Wedding traditions have been around for many centuries and most remain intact to this day. Where did these traditions come from and what’s the meaning behind them? Well, most wedding traditions as we know them in modern time have evolved over the years but originate from legend, superstition, and beliefs. Enjoy these thought provoking and sometimes purely hilarious wedding facts. Who knows maybe you’ll be inspired to incorporate one into your big day!
The Chicago-founded department store Marshall Field’s was the first to have a bridal registry in 1924. In the UK bridal registries are more commonly known as Wedding Lists.
The famous “Here Comes the Bride” tune was originally from the opera Lohengrin, however in the opera, this song comes after the wedding has already taken place.
The English believe that finding a spider in your wedding dress is good luck.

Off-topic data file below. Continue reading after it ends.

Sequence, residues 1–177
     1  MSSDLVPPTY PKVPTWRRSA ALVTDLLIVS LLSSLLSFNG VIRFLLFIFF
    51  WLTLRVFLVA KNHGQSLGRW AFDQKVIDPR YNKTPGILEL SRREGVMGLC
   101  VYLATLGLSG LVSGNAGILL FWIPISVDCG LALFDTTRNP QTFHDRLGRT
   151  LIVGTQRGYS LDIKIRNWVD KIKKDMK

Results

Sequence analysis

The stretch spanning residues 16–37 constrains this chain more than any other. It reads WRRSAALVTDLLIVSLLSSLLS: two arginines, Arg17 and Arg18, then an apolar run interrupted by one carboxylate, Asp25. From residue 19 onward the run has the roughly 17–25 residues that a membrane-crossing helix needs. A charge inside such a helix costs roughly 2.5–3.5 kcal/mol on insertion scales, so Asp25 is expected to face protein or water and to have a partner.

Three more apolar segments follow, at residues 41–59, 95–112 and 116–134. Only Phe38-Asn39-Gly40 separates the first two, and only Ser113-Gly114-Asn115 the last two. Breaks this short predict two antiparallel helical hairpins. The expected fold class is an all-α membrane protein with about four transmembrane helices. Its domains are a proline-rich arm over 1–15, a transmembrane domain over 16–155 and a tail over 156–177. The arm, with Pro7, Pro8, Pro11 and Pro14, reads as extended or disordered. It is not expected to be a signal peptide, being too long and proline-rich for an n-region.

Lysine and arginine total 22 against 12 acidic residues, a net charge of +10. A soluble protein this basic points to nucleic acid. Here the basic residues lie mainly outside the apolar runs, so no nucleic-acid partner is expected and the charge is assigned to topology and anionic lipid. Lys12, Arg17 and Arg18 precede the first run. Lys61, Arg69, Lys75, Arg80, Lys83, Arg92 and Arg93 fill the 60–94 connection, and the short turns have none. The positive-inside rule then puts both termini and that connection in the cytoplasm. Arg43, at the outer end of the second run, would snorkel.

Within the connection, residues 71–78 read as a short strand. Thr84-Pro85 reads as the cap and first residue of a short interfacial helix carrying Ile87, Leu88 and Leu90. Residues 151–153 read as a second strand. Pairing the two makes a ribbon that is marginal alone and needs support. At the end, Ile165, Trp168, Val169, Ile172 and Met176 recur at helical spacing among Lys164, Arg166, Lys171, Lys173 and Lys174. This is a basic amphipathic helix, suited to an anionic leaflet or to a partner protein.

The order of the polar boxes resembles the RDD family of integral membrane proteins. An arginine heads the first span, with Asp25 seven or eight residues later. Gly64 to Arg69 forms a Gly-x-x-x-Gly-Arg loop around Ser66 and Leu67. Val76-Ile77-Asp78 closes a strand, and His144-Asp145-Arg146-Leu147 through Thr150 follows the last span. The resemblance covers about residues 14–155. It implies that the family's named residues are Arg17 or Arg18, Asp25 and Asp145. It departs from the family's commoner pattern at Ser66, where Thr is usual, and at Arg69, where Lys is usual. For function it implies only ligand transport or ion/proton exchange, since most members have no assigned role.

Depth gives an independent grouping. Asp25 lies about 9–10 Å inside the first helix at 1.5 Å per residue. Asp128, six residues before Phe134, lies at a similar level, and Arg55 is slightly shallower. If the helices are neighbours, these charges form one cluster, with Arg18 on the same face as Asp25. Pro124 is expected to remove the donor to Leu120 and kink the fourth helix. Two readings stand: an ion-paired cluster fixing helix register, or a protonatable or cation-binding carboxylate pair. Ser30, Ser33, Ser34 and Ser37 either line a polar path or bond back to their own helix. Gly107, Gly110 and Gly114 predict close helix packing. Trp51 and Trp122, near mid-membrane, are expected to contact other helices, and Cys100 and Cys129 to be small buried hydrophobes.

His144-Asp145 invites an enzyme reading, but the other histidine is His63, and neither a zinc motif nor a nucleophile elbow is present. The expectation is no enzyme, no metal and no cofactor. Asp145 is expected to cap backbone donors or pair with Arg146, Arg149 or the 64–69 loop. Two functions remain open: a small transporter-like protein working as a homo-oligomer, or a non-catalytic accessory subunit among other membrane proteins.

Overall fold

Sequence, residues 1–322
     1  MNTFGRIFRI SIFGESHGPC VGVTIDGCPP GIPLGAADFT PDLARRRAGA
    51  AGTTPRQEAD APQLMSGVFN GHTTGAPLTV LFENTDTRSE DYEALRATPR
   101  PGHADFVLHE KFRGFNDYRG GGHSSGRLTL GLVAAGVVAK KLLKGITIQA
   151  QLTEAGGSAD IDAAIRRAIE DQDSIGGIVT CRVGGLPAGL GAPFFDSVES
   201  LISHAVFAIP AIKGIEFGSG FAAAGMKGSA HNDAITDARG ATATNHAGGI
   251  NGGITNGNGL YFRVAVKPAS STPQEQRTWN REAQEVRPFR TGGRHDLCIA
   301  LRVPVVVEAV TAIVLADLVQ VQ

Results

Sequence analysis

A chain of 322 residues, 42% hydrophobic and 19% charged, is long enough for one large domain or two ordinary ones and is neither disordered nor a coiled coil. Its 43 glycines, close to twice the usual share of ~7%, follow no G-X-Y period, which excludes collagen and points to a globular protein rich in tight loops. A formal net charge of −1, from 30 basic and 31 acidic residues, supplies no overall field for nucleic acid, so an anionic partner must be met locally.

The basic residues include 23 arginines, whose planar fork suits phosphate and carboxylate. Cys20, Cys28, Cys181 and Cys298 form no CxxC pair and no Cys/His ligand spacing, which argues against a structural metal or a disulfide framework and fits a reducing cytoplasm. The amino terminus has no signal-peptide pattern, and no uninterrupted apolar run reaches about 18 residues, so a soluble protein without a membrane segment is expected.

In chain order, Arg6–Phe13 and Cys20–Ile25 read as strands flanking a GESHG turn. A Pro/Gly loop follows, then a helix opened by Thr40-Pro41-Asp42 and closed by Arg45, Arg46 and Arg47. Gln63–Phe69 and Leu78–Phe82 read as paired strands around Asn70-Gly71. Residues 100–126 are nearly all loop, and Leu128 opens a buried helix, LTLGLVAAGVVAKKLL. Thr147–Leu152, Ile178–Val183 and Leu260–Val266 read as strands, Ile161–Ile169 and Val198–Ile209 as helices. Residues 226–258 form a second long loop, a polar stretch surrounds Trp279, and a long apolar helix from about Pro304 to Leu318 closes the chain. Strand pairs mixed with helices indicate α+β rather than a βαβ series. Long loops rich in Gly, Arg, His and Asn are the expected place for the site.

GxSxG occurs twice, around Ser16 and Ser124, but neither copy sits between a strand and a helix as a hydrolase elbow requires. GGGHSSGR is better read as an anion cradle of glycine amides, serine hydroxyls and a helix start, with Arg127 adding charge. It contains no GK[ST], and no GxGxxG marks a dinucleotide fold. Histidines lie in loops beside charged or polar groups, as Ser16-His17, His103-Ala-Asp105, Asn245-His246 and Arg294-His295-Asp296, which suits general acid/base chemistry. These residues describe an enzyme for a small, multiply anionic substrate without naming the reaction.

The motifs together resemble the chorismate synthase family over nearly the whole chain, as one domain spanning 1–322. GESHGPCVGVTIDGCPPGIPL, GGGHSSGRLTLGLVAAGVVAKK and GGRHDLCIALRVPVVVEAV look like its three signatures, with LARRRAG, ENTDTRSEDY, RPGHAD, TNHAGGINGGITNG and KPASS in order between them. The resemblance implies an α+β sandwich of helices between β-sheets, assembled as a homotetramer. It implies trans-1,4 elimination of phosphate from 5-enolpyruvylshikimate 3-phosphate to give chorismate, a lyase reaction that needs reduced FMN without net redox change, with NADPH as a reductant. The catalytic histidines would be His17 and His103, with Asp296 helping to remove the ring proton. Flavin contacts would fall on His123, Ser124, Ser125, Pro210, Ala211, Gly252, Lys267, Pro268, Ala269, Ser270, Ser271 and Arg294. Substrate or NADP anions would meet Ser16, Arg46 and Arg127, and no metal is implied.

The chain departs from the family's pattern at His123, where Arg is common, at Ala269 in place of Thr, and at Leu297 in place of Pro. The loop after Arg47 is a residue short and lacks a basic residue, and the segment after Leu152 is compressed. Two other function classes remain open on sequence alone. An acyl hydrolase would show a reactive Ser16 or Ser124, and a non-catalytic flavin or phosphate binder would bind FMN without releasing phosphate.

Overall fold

The term “best man” comes from Germanic Goths and has evolved greatly over the years. Back in 200 AD the best man’s task was to guard the bride and groom from the bride’s family (who may have tried to obtain her return forcefully). The best man would be well armed and constantly alert during the ceremony and stand guard as a sentry outside of the newlywed’s home after the wedding.
Egyptian tradition allows for women to pinch the bride on the wedding day. This is said to bring about good luck.
We have ancient Romans to thank for rice tossing. Tossing rice symbolizes both fertility and prosperity, and tossing it at the newlyweds implies good luck and best wishes. The Czech’s will toss peas instead of rice.
The Western tradition of wearing a white wedding dress was begun by Queen Victoria in 1840.
What we now know to be the traditional wedding cake began in ancient Rome where guests would break a loaf of bread over the bride’s head for fertility.
Ancient Greek and Roman brides wore a veil to protect them against evil spirits.
An old English proverb states that getting married at the beginning of the week is luckiest and the days at the end of a week are the unluckiest. “Monday for health, Tuesday for wealth, Wednesday the best day of all, Thursday for losses, Friday for crosses, Saturday is no day at all."